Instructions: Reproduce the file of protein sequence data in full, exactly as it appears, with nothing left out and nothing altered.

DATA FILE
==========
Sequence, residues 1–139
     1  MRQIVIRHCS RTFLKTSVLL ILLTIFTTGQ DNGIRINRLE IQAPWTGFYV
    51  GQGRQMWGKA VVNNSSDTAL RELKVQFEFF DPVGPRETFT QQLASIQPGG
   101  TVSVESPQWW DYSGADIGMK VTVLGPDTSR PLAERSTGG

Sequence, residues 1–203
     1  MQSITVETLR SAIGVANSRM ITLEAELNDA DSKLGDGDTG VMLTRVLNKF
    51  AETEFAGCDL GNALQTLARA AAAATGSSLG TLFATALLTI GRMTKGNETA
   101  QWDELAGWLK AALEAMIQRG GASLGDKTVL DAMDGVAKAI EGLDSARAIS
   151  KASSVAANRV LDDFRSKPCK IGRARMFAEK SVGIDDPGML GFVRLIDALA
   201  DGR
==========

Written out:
Sequence, residues 1–139
     1  MRQIVIRHCS RTFLKTSVLL ILLTIFTTGQ DNGIRINRLE IQAPWTGFYV
    51  GQGRQMWGKA VVNNSSDTAL RELKVQFEFF DPVGPRETFT QQLASIQPGG
   101  TVSVESPQWW DYSGADIGMK VTVLGPDTSR PLAERSTGG

Sequence, residues 1–203
     1  MQSITVETLR SAIGVANSRM ITLEAELNDA DSKLGDGDTG VMLTRVLNKF
    51  AETEFAGCDL GNALQTLARA AAAATGSSLG TLFATALLTI GRMTKGNETA
   101  QWDELAGWLK AALEAMIQRG GASLGDKTVL DAMDGVAKAI EGLDSARAIS
   151  KASSVAANRV LDDFRSKPCK IGRARMFAEK SVGIDDPGML GFVRLIDALA
   201  DGR